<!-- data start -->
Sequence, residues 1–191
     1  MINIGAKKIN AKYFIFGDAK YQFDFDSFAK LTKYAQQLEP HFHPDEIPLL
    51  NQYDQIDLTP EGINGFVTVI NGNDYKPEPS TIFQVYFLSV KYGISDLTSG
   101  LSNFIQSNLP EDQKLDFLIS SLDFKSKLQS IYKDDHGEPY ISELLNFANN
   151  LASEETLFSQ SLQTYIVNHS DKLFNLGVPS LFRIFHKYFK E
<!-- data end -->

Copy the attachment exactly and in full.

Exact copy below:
Sequence, residues 1–191
     1  MINIGAKKIN AKYFIFGDAK YQFDFDSFAK LTKYAQQLEP HFHPDEIPLL
    51  NQYDQIDLTP EGINGFVTVI NGNDYKPEPS TIFQVYFLSV KYGISDLTSG
   101  LSNFIQSNLP EDQKLDFLIS SLDFKSKLQS IYKDDHGEPY ISELLNFANN
   151  LASEETLFSQ SLQTYIVNHS DKLFNLGVPS LFRIFHKYFK E